In addition to the honey boxes or supers, you will need to purchase frames for inside of the boxes. Sometimes when you purchase sets, these are included. Other times they are not. The frames are wooden frames designed to fit inside the boxes where the bees can make the honey, or the queen can lay her eggs. They sit on the edge or rail, much like files in a filing cabinet.
Within the frame, you have foundation. This is either wax or hard plastic that mimics the texture of honeycomb and gives the bees a place to create comb. If purchasing online or from a manufacturer, check to make sure frames are included and that they have a waxed coating.
Protective clothing is necessary for beekeepers. Though some bees are very mild, you should always still protect yourself. You have probably seen videos of beekeepers who never wear veils, gloves, or other protective clothing. I do not recommend it. Gloves can be bulky, but if you get stung in the hand, it can take a while for the swelling to subside.
Bee suits can be hot. If you live in an area that is prone to very high temperatures, opt for a suit that is ventilated. And even the most seasoned bee farmers wear veils. A sting in the face can be very painful and can result in a lot of swelling.
Hive tools are a must! There are several styles to choose from, and they are relatively inexpensive, so try one style, or purchase a couple. Bees tend to use propolis (which we lovingly call bee glue) to cement frames, lids, or anything else together making it difficult if not impossible to separate them from each other. The hive tool works as a mini pry bar to open, move, or scrape various components of the hive.
Smokers are used by most beekeepers, however, some honey farmers don’t bother with them. In my opinion, beginners should always use a smoker. They look like small metal canisters with a handle and a spout that looks like a funnel has been placed on top, only it is lopsided. It took me a while to get the hang of using a smoker, but it is invaluable for hive inspections and honey extraction.
You build a small fire inside the smoker and using the bellows (the handle), pump air into the chamber, resulting in smoke coming out the spout. Fuel for smokers ranges from twine to pine needles, burlap to wood chips. A few pumps of the bellows calms the bees, making a hive easier to deal with.
Bee brushes look a lot like a wallpaper brush that my mother used to use. They have one simple but important use: to brush bees off frames or lids so when you replace or move a piece of equipment they aren’t smashed.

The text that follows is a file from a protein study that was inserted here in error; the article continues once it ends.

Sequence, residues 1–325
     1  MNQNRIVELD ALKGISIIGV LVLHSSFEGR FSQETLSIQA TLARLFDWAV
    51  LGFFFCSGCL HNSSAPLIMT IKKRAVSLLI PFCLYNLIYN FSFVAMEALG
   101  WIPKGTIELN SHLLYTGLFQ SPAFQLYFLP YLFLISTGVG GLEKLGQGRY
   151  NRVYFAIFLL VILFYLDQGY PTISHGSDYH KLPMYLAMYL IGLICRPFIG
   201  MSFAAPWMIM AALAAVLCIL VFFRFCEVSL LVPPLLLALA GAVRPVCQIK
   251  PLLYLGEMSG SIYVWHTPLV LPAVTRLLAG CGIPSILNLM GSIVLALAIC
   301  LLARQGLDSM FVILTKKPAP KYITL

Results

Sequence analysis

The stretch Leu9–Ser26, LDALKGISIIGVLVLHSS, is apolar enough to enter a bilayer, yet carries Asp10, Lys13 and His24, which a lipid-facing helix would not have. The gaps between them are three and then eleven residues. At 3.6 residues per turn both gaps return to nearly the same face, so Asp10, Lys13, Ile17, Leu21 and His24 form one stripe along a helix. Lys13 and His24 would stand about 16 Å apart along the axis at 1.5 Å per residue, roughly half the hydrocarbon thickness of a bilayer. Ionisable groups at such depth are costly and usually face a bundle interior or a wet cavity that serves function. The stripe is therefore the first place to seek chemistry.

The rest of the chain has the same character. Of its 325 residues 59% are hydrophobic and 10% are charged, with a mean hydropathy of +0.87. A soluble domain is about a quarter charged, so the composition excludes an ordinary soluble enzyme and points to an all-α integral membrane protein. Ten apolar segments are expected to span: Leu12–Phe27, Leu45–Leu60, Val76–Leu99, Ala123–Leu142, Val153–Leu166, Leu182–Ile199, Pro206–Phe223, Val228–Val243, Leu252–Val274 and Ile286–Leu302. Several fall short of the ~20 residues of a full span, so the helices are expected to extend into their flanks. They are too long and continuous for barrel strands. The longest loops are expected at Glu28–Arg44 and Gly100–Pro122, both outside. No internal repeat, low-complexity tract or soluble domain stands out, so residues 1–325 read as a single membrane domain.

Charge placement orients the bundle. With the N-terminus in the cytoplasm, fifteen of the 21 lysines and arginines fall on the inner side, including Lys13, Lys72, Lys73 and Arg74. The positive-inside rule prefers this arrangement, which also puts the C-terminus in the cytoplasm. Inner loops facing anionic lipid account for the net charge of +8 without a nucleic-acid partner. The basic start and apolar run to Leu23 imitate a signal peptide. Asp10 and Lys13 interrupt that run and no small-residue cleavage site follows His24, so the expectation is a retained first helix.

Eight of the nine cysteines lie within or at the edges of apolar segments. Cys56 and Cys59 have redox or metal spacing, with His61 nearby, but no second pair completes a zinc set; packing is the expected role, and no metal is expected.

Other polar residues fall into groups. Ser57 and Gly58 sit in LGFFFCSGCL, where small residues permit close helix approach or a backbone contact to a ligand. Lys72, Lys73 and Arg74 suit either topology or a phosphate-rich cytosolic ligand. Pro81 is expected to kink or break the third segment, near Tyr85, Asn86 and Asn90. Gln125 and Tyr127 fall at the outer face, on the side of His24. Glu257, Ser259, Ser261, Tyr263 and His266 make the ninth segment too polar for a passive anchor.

Extractors are a fairly expensive but essential pieces of equipment. Full frames of honey are placed in the extractor which spins, using centrifugal force to sling the honey from the frames. The extractor, made of stainless steel, collects the honey, which is then emptied via a valve for bottling.
Extractors can be as simple as a two-frame, hand-cranked model to industrial machines that remove cappings and can process thousands of pounds of honey. Beekeepers who have been in the business a while may let you borrow their equipment or you may be able to share in the purchase of an extractor. Our bee club has an extractor that you can check out like a library book and return when finished.
Refractometers are used to measure the humidity or moisture content of the honey. High moisture readings can lead to fermentation of the honey. Refractometers are available in manual or electronic models. If ordering, be sure you purchase one that is specific to measuring moisture in honey.
Feeders and Waterers
Bee feeders and waterers are important, especially with new hives or nucs where honey reserves are low. For a waterer, I use an old dog waterer and place rocks in the bowl so the bees will not drown.
There are several styles of bee feeders. In-hive feeders, such as frame feeders or top feeders are good in inclement weather and are not exposed to outside predators. Bottle or jar feeders are simple mason jars or water bottles that are filled with syrup and inverted for consumption.
#3 Deciding on Your Bees
I always thought bees are bees. I never really thought about there being different bee breeds. I ordered my bees from a guy in our club and I really didn’t know there were other varieties. There are many hybrid varieties that are bred to be disease and mite resistant, but the three main categories of bees are Italian, Carniolan, and Russian.